In telling her own story, Walidah recounts her childhood as the daughter of a black father and white mother, growing up on military bases overseas and eventually, at age 13, settling in Springfield, a conservative blue-collar town adjacent to liberal Eugene, home of the University of Oregon.
The overall approach – to put three faces on the criminal justice system – works well in driving the narrative. What could have been another academic treatise on a broken system instead becomes a compelling tale of two men – one black, one white – and a woman who is at once a scholar, an activist and a prisoner’s family member.
It helps that Walidah is a talented writer. She concludes:
“The pieces of the larger whole I hope to bring are the stories of angels with dirty faces. The capriciousness of fate. The idea that every person has the capacity to salvage their tattered humanity even in the moment before they take their last breath.”
Knowing Walidah’s personal story and worldview ahead of time made it easier to ponder the provocative questions that she raised in her MLK speech: What is the kind of world we want to live in? How do we go about building that kind of world?
The questions, she said, arose from an appreciation of Ursula LeGuin’s body of work in creating fictional worlds that turn convention on its head. Imarisha, in fact, is co-editor of the anthology “Octavia’s Brood: Science Fiction Stories from Social Justice Movements.”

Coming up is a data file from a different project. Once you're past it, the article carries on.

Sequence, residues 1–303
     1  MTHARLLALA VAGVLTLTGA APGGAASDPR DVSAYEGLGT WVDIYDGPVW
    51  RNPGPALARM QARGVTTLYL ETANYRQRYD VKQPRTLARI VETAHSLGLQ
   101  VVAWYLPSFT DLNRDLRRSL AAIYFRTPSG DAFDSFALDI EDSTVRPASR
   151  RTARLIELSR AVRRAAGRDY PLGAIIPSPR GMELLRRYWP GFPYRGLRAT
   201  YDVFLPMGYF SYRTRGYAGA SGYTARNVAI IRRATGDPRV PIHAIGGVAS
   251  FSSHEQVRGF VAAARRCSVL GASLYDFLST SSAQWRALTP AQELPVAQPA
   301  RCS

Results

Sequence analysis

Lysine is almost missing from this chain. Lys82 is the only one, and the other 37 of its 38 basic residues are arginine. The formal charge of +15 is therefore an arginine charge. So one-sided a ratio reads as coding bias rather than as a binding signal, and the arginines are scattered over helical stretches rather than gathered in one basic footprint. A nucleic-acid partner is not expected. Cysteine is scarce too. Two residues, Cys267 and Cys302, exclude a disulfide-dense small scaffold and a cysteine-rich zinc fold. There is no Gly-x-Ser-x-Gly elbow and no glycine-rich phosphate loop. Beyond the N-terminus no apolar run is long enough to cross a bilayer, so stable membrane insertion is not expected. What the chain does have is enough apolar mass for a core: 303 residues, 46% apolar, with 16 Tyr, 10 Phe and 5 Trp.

“Science fiction is not about escapism,” Walidah said. It is about envisioning a world of new possibilities free of militarism, capitalism and racism, she said. As I am not a fan of the fantasy genre, I had never thought of science fiction as a way to frame the idea of imagining a different, better world, especially when it comes to race relations.
Walidah pointed out that the United States was founded as something of a utopia in the sense of ordinary people rebelling against an oppressive system in England. In turn, the Oregon Territory, encompassing the entire Pacific Northwest, was settled as a “racist white utopia.” Oregon, she pointed out, entered the Union in 1857 as a free state but also with a state constitution that excluded blacks.
The state’s racist beginnings led, perhaps predictably, to the rise of the Ku Klux Klan and any number of policies and practices intended to perpetuate economic, social and political inequalities.
More than 160 years later, the question remains of how to build a more just society.
Walidah is an impressive figure, and not just because of her tall stature. As a public speaker, she seems comfortable in her own body and totally in command of her subject.
I wish I’d started teaching at Portland State when Walidah was still there herself in the Black Studies Department. More recently, she has been teaching at Stanford University while immersing herself in a variety of writing and research projects.
Putting a nice cap on the evening, I took my daughter out for drinks and appetizers after the speech. Simone is as socially conscious as they come and over the years she has gifted me several books that have exposed me to different authors and perspectives.
What better way to close out the night than with mi hija, recalling different parts of the speech and catching up in general?